Houston Writers Take Over DC During AWP

March 10, 2017, by

2013-AWP-logoThis year, the Association of Writers & Writing Programs held its annual conference (AWP) in Washington, D.C.  More than 12,000 writers and publishers flooded the city for four days of craft talks, panel presentations, readings, and more.  Houston writers represented the best of our city’s expansive literary community.  In fact, Houston was so well-represented at AWP it would be impossible to list every event.  Instead, I’ll highlight just a few.

Poetry fans packed the house at DC-bar Bayou for a late-night reading hosted by University of Houston-based Gulf Coast: A Journal of Literature and Fine Arts.  (Other hosts for the event, called The Magnificent Seven, included AGNI, American Literary Review, Boulevard, cream city review, Pleiades, and PoemoftheWeek.org.)  The spirited crowd cheered readings by Chen Chen, Alice Elliott Dark, Matt Donovan, David Keplinger, Shara McCallum, Gregory Pardlo, Caitlin Pryor, Maggie Smith, and Ryo Yamaguchi.  Gulf Coast also held down a table at the book fair throughout AWP, and presented Gulf Coast: 30 Years in the Life of a Student-Run Journal, a dialogue with several past journal editors. Continue reading

From the desk of Giuseppe Taurino: Notable books published by the UH Creative Writing Program community in 2014

December 16, 2014, by

Houston’s literary community is brimming with activity. One of the key players making Houston such a vibrant literary city is the UH Creative Writing Program, nationally ranked as one of the best creative writing programs in the nation. Inprint is proud to continue providing fellowship, prizes, and other support for emerging writers in the Program, surpassing a total of $2.8 million to date. Giuseppe Taurino, Assistant Director of the Program, will now blog on An Open Book to share exciting news from UH. His inaugural post  extols the virtues of 15 notable books written by faculty, alums, and students from the Program, many of whom have received Inprint fellowships and prizes.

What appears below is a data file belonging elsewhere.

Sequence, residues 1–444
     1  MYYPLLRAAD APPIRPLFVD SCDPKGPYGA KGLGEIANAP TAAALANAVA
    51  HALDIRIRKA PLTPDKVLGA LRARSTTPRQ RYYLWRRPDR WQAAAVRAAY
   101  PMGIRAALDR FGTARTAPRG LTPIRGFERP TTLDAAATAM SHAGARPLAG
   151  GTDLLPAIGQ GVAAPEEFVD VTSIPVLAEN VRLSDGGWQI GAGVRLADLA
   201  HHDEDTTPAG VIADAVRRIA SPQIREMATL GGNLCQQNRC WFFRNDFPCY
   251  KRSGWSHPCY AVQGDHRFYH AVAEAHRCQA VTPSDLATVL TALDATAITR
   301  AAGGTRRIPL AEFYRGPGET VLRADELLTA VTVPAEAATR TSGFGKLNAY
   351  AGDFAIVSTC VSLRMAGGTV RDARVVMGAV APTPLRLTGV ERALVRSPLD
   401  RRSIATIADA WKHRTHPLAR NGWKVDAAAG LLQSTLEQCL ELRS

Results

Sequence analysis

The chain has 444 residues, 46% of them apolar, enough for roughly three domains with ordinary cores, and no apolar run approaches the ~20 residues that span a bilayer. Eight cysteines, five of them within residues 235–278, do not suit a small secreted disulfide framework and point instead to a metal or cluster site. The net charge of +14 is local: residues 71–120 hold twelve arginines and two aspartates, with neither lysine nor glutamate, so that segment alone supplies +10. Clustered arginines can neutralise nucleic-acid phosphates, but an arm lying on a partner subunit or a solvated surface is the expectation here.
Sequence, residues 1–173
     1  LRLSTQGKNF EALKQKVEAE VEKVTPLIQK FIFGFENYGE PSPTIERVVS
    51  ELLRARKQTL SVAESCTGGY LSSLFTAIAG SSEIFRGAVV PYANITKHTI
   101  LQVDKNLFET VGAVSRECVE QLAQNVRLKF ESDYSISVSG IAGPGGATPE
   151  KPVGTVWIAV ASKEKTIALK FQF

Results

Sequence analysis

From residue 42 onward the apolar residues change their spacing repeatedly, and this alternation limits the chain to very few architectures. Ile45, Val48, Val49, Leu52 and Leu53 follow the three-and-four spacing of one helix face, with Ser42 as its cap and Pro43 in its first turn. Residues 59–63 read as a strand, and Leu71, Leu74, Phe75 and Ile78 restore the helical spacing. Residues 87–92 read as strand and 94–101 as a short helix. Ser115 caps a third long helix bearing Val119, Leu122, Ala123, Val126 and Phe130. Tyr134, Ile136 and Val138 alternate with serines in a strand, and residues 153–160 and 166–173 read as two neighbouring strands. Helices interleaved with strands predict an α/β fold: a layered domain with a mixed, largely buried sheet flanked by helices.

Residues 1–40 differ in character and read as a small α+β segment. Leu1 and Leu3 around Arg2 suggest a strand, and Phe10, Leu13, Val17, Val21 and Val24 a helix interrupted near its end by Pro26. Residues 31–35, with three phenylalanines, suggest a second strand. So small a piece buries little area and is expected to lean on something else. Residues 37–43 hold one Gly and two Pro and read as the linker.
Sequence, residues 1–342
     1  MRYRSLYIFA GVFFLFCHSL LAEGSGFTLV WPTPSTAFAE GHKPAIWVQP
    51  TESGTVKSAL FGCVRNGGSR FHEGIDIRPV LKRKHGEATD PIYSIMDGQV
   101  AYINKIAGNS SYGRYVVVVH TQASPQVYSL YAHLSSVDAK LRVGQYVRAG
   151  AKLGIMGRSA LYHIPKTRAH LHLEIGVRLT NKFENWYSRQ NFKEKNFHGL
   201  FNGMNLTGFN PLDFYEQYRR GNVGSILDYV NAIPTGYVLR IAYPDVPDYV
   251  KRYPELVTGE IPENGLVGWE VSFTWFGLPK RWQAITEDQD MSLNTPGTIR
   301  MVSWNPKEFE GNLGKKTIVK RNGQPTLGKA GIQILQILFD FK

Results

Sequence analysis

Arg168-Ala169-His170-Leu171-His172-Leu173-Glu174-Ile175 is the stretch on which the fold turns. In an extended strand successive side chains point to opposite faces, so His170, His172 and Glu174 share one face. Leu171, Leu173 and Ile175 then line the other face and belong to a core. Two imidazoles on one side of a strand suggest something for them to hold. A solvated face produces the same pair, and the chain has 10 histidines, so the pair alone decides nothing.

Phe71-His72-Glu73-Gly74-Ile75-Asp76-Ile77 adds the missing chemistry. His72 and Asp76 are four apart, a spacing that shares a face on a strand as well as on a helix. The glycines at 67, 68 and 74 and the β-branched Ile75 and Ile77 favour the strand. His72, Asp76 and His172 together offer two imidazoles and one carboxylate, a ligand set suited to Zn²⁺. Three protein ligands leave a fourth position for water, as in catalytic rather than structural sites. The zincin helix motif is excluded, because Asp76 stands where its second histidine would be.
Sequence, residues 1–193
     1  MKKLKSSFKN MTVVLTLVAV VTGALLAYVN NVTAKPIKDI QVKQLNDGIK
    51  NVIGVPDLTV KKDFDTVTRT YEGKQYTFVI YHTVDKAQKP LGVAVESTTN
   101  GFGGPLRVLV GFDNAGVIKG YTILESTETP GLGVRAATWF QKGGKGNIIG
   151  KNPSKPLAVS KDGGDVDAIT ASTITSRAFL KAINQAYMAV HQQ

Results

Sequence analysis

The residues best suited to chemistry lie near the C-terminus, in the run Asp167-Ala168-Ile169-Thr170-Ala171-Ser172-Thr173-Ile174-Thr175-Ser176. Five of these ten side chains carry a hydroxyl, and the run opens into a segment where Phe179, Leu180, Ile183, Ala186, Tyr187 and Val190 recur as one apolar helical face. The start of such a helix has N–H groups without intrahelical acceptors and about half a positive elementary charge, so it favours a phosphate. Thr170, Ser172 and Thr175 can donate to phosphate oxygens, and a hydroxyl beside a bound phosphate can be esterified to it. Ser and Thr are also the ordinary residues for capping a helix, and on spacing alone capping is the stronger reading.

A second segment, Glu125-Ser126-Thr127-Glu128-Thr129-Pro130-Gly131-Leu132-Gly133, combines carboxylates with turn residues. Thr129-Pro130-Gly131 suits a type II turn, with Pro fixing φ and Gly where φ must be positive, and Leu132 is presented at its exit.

I grew up in a working class immigrant family. My parents, along with most of my mother’s family, came to New York City from Italy in the early 1970s. None of them finished grade school. The moment I made it to October of my first semester at NYU, I’d gone further in school than anyone on either side of my family had ever gone. And when I actually earned my bachelor’s degree, I became proof that everything my parents endured over the course of their journey had been worth it. Even my father’s father, who was rarely impressed by anything, believed I’d taken the family to new heights. He was convinced my BA in Psychology made me a doctor—the first in the family—and went so far as to ask me to review and assess the medical reports detailing his heart and blood pressure conditions.

Rightfully or not, I’d earned a reputation for being an academic within my family, and book-smart amongst my friends. My being nervous about the ability to perform in a school setting was probably the last thing any of them would ever expect, but that’s precisely how I felt when I decided to leave Queens to pursue an MFA degree at UH. Coming from a background that didn’t value literature, having only taken a handful of lit courses as an undergrad and continuing ed student, and having exactly one completed short story to my name, I was convinced I’d be exposed at UH. From the day I was notified of my acceptance, to the day my then-girlfriend and I packed up my crappy car and started driving west, I kept thinking whoever decided to let me in had probably made a mistake. Continue reading